Emerging and developing Asia needs to increase RE contributions by 50%
Energy demand is expected to grow by 3% annually over the next two decades, the IEA projected.
In today’s policy settings, renewables in 2040 are expected to meet around 30% of the demand growth; but in the case of emerging and developing countries in Asia, renewables will need to be increased by more than 50% to meet the same goals, said International Energy Agency (IEA) Head of Energy Supply and Investment Outlooks Michael Waldron.
“This would need to be combined with dramatic efforts to improve the energy intensity in terms of the use of energy to slow the energy demand growth,” he said.
At present, energy demand will likely grow rapidly in emerging and developing countries in Asia. In particular, energy demand could rise by 3% annually over the next two decades, whilst electricity demand could grow at a faster rate of 4% per year over the same period.
This will come as Asia continues to industrialise, urbanise, and electrify, Waldron said, citing Vietnam and India, where governments have put in place policies that have expanded access to energy and increased uptake of energy efficient appliances, respectively.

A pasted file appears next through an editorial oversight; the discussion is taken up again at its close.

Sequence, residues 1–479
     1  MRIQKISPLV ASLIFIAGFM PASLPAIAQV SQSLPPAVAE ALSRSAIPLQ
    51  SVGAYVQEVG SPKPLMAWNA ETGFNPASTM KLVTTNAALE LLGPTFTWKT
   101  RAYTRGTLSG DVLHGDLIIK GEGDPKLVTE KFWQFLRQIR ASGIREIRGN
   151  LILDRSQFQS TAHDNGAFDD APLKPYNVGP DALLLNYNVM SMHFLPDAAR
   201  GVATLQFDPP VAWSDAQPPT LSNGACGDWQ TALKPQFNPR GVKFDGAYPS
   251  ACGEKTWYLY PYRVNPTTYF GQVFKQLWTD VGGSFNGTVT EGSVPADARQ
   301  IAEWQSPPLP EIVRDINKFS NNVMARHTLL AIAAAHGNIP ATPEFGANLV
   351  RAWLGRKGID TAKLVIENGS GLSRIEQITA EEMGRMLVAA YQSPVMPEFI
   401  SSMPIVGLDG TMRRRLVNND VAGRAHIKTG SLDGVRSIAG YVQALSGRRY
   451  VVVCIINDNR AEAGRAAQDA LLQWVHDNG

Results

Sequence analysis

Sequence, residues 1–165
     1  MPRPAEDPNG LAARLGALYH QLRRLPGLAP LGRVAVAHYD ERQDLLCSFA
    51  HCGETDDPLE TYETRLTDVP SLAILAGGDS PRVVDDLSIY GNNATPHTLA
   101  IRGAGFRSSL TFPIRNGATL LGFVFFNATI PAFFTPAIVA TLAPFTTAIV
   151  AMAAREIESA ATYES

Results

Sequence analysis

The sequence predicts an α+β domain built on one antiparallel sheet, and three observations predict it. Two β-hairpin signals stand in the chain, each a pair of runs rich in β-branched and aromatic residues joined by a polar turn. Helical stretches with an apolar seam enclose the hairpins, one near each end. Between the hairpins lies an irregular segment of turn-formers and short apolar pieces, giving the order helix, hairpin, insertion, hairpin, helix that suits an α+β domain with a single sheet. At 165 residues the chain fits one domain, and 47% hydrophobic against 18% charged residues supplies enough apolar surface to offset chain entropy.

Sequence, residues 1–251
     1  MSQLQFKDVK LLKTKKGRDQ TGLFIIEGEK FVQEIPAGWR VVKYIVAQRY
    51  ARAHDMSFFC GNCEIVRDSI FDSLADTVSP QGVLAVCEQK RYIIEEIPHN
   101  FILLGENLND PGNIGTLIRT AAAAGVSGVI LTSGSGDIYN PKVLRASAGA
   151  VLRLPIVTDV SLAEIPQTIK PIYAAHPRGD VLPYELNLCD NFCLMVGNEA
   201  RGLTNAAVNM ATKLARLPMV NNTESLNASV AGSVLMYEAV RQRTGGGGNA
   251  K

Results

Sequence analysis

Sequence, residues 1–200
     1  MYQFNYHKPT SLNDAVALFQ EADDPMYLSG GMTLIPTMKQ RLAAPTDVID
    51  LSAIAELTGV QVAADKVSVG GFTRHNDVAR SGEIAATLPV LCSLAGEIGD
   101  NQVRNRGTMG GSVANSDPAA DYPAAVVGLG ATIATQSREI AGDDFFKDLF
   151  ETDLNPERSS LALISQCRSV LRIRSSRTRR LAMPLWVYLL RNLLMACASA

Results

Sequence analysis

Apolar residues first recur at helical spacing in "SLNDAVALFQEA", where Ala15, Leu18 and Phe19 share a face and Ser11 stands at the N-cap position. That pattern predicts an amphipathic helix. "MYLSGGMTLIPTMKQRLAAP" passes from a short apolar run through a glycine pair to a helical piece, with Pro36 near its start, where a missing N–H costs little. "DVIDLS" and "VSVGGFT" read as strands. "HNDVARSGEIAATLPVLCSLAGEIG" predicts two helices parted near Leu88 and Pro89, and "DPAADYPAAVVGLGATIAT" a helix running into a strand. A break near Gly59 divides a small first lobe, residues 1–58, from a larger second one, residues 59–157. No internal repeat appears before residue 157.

On top of this, he said the growth will also be driven by a doubled demand for cooling households with air conditioners in Southeast Asia in the next 20 years.
“In order to keep the door open for the world to meet its net-zero emissions goals, this progress would need to be even stronger. This means a massive acceleration in energy in order to help curb oil-use for transport, to narrow gas demand to areas where it helps to bring down emissions,” he said.
“And most important of all, to slash coal-use for electricity generation, which is a major source of emissions in today's energy economy.”
Waldron was speaking at the 2021 Singapore International Energy Week during which the IEA officially launched its World Energy Outlook (WEO) report for 2021 in Southeast Asia. The report found that climate ambitions have risen to new heights with 120 countries that account for more than half of global emissions, announcing new policies in the last year.